Tuesday, April 14, 2020

South Africa cuts rate 3rd time as economy shrinks

     South Africa's central bank cut its policy rate for the second time in less than a month and for the third time this year as it now expects the economy to contract by 6.1 percent this year before bouncing back in 2021 from the impact of the coronavirus.
    At an extraordinary policy meeting, the South African Reserve Bank (SARB) cut its benchmark repo rate by another 100 basis points to 4.25 percent following cuts in January and March and has now cut it by 225 basis points this year.
     Since July 2019, when it began a monetary easing cycle, the rate has been cut by 250 basis points.
     SARB said a more prolonged lockdown and a slower economic recovery creates downside risks to inflation, which would allow further space for monetary policy to respond to the virus-induced demand shock. However, future policy decisions are highly dependent on data.
      "The Covid-19 outbreak will have a major health and social impact, and forecasting domestic economic activity presents unprecedented uncertainty," SARB's Governor  Lesetja Kganyago said.
     The policy path implied by SARB's quarterly projection model indicates 5 repo rate cuts of 25 basis points each extending into the first quarter of 2021, with SARB noting this projection is a broad policy guide that can change from meeting to meeting in response to new data.
     In addition to rate cuts. SARB has ensured liquidity in both money markets and government bond markets and eased some of its capital requirements, such as its liquidity coverage ratio.
     On March 25 SARB also said it would begin buying government bonds in secondary markets but has stressed this is not a form of quantitative easing but a tool to "reduce dysfunctionality" in markets and part of its responsibility of ensuring financial markets work smoothly.
     In its bi-annual monetary policy review last week SARB estimated the country's economy could shrink by 2 to 4 percent this year and raised this estimate today to a contraction 6.1 percent from an estimated 0.8 percent in 2019.
     The economic contraction is expected to be the deepest in the second quarter of this year with some recovery in the third quarter.
      The strength of the recovery in the fourth quarter and in 2021 will depend on how quickly countries open up for economic activity in a safe manner, with growth next year seen rising by 2.2 percent and then 2.7 percent in 2022.
     "Global economic and financial conditions are expected to remain highly volatile for the foreseeable future," Kganyago said, adding the sustainability of the recovery in asset prices remains uncertain and global financial markets remain in a risk-off mode, which has implications for investors' appetite for South African bonds and equities.
     While lower commodity, oil prices and demand are dragging down inflation, negative global sentiment, fiscal risks and ratings downgrades have led to a 22.6 percent fall in South Africa's rand against the U.S. dollar since January, putting upside pressure in inflation.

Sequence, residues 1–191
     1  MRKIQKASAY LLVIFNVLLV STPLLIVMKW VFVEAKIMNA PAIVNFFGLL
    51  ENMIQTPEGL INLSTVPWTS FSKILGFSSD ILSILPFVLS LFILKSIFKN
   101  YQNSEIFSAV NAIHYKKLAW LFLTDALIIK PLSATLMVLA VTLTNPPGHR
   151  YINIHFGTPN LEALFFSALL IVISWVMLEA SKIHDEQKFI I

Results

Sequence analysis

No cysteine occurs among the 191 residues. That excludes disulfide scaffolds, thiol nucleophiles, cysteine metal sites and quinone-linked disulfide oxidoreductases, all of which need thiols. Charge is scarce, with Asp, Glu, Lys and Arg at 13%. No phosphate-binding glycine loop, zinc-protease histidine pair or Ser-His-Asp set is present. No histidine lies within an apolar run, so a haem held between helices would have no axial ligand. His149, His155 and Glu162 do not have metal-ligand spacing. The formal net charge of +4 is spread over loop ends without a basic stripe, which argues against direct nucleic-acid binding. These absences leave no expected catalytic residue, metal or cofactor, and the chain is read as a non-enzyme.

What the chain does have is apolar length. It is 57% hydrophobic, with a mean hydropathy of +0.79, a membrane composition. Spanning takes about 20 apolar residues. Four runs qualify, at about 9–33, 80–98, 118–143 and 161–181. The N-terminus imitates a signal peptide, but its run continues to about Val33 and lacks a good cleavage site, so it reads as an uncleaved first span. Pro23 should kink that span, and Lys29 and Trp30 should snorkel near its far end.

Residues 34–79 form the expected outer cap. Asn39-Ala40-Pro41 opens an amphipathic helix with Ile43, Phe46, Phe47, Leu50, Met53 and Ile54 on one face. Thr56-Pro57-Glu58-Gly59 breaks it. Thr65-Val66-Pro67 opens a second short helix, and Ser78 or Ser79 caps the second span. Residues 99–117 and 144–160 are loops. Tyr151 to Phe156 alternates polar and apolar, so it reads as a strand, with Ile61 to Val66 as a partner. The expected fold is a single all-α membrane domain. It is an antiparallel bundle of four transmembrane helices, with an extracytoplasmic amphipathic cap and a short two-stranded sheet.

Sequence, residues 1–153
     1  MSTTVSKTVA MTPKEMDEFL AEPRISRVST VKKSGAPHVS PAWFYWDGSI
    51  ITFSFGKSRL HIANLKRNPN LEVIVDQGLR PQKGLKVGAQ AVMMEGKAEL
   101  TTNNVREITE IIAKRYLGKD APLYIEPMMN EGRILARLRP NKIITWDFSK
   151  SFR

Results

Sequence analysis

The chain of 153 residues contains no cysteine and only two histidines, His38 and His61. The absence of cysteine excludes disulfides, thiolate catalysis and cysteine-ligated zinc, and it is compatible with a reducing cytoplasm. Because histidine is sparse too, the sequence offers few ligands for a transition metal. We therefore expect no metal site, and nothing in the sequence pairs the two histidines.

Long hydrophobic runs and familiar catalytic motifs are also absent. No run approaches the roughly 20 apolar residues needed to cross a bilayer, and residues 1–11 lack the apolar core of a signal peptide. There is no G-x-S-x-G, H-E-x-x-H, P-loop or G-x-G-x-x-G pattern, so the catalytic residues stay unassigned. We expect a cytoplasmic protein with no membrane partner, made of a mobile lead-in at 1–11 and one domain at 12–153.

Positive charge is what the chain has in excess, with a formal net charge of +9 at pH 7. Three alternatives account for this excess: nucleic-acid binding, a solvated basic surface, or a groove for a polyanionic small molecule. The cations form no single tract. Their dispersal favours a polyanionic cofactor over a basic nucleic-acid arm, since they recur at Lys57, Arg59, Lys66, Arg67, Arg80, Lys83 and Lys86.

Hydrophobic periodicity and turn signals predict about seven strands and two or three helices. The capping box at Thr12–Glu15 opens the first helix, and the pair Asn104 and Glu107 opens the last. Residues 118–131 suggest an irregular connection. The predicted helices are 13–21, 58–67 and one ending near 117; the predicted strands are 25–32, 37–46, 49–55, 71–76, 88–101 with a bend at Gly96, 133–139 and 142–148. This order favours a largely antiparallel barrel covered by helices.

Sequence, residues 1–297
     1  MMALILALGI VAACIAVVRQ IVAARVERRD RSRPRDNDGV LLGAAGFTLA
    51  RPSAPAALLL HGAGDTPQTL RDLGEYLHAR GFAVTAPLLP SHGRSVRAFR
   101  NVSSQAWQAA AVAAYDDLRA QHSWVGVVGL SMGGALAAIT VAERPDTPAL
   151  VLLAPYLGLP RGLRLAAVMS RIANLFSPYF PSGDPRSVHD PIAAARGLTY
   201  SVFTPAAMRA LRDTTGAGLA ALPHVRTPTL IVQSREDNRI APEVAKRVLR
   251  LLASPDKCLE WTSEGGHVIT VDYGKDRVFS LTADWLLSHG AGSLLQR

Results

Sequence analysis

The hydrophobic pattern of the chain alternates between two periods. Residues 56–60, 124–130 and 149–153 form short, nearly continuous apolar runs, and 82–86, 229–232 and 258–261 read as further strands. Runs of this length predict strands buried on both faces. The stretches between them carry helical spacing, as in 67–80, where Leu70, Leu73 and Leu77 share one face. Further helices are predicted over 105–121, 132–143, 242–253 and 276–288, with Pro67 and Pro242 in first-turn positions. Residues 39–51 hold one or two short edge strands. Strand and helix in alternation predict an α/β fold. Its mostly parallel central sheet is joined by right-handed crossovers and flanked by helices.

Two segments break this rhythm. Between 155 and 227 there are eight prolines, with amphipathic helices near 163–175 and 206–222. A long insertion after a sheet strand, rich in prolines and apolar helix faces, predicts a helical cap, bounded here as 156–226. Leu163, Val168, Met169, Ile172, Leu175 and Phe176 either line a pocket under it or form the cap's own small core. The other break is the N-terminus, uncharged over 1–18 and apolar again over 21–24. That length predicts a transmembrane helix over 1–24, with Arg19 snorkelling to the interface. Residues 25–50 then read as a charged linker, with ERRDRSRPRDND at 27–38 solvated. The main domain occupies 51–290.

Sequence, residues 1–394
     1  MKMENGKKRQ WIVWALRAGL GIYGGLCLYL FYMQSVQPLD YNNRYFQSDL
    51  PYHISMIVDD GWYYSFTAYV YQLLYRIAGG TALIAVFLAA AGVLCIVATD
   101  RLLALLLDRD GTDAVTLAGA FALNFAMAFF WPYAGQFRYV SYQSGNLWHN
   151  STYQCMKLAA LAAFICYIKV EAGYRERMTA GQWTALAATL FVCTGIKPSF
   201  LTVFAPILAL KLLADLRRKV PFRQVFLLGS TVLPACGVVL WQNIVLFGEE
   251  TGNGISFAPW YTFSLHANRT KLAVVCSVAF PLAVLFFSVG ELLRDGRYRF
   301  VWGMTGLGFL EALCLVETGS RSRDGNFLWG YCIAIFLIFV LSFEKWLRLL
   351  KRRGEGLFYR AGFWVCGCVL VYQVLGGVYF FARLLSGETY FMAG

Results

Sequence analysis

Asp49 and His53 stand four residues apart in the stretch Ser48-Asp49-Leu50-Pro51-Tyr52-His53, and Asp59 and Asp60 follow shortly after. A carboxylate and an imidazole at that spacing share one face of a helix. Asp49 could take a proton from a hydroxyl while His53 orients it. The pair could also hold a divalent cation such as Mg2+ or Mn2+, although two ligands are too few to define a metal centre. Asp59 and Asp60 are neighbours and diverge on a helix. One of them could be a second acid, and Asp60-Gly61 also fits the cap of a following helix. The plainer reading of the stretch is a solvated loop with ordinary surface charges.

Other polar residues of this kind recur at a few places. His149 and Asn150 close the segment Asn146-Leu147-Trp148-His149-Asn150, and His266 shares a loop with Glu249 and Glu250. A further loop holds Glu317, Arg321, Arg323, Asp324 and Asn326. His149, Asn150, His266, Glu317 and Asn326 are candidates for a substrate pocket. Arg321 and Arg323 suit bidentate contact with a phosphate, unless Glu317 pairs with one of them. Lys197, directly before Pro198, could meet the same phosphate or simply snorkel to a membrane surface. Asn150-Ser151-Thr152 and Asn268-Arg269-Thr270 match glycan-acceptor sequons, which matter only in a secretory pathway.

The timing and size of these contradictory impulses suggest they are not perfectly offsetting, SARB said, with weaker inflation in the near term likely giving way to higher inflation.
     SARB now forecasts headline inflation averaging 3.6 percent this year, 4.5 percent for 2021 and 4.4 percent for 2022.
     This compares with its March forecast of 3.8 percent for this year, 4.6 percent for 2021 and 4.4 percent for 2022.


     The South African Reserve Bank's monetary policy committee issued the following statement by its governor, Lesetja Kganyago:

"Since the March meeting of the Monetary Policy Committee (MPC), the Covid-19
pandemic has spread globally and its impact is being felt through all economies.
Current estimates from the IMF show global growth contracting this year by about
2.9%. 1) Economic contractions are expected to be deepest in the second quarter of 2020, with some recovery expected in the third quarter of the year. The strength of the recovery into the fourth quarter and 2021 will depend on how quickly countries are able to open up for economic activity safely, requiring sustainable social distancing rules, safety processes put in place by businesses and public institutions, and capacity of hospitals to accommodate those in need. Current indications from the World health Organisation are that the pandemic is unlikely to end quickly, with shorter, less virulent waves hitting over time.
The uncertainties of the crisis have led to extremely high volatility in financial asset prices, with sharp and deep market sell-offs followed by a partial recovery. At this stage, the sustainability of that recovery remains uncertain, and global markets remain in risk-off mode. This has implications for emerging markets and South Africa in particular, as investor appetite for rand-denominated equities and bonds is expected to remain weak.
Policy responses to the crisis have generally been robust, with the magnitudes dependent on the degree of policy space available to countries. The US Federal Reserve has taken further steps to expand its balance sheet. The European Central Bank (ECB) has made similar commitments. Emerging and developing economies generally have less policy space available and credit is more expensive, and for this reason, the International Financial Institutions (the IMF, the World Bank) and others have made available extraordinary levels of emergency financial support.
The Covid-19 outbreak will have a major health and social impact, and forecasting domestic economic activity presents unprecedented uncertainty. With that in mind, the Bank expects GDP in 2020 to contract by 6.1%, compared to the -0.2% expected just three weeks ago. GDP is expected to grow by 2.2% in 2021 and by 2.7% in 2022.
South Africa’s lockdown has been extended by an additional 14 days, bringing the total lockdown period to 35 days. Both the supply and demand effects of this extension reduce growth and deepen it in the short-term, as businesses stay shut for longer and households with income spend less. This will likely also increase job losses, with further consequences for aggregate demand. The impacts will be particularly severe for small businesses, and individuals with earnings in the informal sector.